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Where When How Summer 2017 : Page 90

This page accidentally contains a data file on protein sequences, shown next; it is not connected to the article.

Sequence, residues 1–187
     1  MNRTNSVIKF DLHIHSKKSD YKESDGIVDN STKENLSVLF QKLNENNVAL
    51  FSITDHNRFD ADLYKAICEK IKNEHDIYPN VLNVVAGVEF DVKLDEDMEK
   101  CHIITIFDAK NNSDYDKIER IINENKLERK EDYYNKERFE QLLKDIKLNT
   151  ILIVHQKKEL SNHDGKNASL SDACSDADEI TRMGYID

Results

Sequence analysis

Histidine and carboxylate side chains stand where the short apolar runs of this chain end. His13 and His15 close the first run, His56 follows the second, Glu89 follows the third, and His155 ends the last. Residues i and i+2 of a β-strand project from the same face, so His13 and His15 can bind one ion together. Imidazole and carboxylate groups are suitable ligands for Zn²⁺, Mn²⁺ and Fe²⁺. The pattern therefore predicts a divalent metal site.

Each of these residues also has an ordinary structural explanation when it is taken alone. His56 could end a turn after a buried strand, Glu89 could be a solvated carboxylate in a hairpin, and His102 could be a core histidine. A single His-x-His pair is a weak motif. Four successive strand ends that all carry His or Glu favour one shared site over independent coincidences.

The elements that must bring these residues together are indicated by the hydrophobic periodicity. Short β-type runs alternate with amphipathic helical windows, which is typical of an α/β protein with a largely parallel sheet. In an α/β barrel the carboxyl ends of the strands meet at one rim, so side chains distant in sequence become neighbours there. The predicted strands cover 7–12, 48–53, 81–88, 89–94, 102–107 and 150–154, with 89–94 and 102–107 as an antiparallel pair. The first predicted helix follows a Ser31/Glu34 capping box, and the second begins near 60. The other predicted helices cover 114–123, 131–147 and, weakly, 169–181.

Be Careful Out There Except in places where fishing is prohibited, lionfish are unregu-lated, so they can and should be removed whenever possible. But dealing with a fish that has the potential to deliver a very serious, though not fatal, injection of venom is not something to take lightly. Pole spears can be very effective on adult lionfish. Hand nets are best for smaller specimens, but learning exactly how to net and han-dle the fish afterward requires some training and a few specialized equipment items, like puncture-proof gloves. (Most divers are stung when handling the fish after it’s netted or speared.) It’s also impor-tant to get the collected specimens into the hands of researchers so your efforts do more than just eliminate a fish from the population. You can learn more about these and other issues, as well as how you can contribute to fighting the invasion in other ways, by logging on to REEF’s Lionfish Research Program website at Reasons for their stellar success have yet to be confirmed but there are a num-ber of theories, one or all of which may provide an answer. The first involves the fish’s omnivorous appetite and hunting strategy. As confirmed by stomach con-tent analysis, lionfish eat just about any-thing that occurs in their habitat — up to half the size of their own body — and that includes both fish and invertebrates. Since our first article appeared, there has been some serious scientific research going on regarding the eating habits of li-onfish. While they eat virtually any critter that will fit into their mouths, including sea urchins, brittle stars, crabs, shrimp and a variety of other mollusks, lionfish are pri-mary fish eaters. In fact, what Oregon State scientist Mark Albin and his adviser and esteemed reef fish ecologist, Dr. Mark Hixon, have found can only be described as alarming. Working at the Caribbean Ma-rine Research Center in the Bahamian Exu-mas, the team has shown that these voracious piscivores can eliminate 80 per-cent of the juvenile fish population on a reef in as little as five weeks. In turn, they not only eliminate the next generation of fish, but also take away the food source from other important commercial species such as adult grouper and snapper. (Re-search has yet to find a Caribbean fish, in-cluding sharks, that will eat a live lionfish, though many species will consume them once they’re dead.) Lionfish also eat the ecologically important algae eaters of the reef like parrotfishes, damselfishes and surgeonfishes. Aside from what they eat, the way they catch their prey is quite unique for a reef fish in the Atlantic. Lionfish, like many other reef residents such as grouper, are described as ambush predators because of their lie-in-wait hunting technique. But that, in and of itself, is nothing new, as many predatory reef fish in the Caribbean use this same strategy. So the thousands of other fish swimming around the reef trying to avoid becoming lunch are used to it. What is novel about lionfish is their use of those signature-long, brightly col-ored fins to maneuver their targets into striking range. Of course, prey in lionfish’s native range has coevolved to recognize this, but not their prey here in the Atlantic. Like hunting deer at night with spotlights, Caribbean reef fish have no experience with this fin strategy and become easy 90 • • • • • SUMMER 2017 “Where When How -Turks & Caicos Islands”

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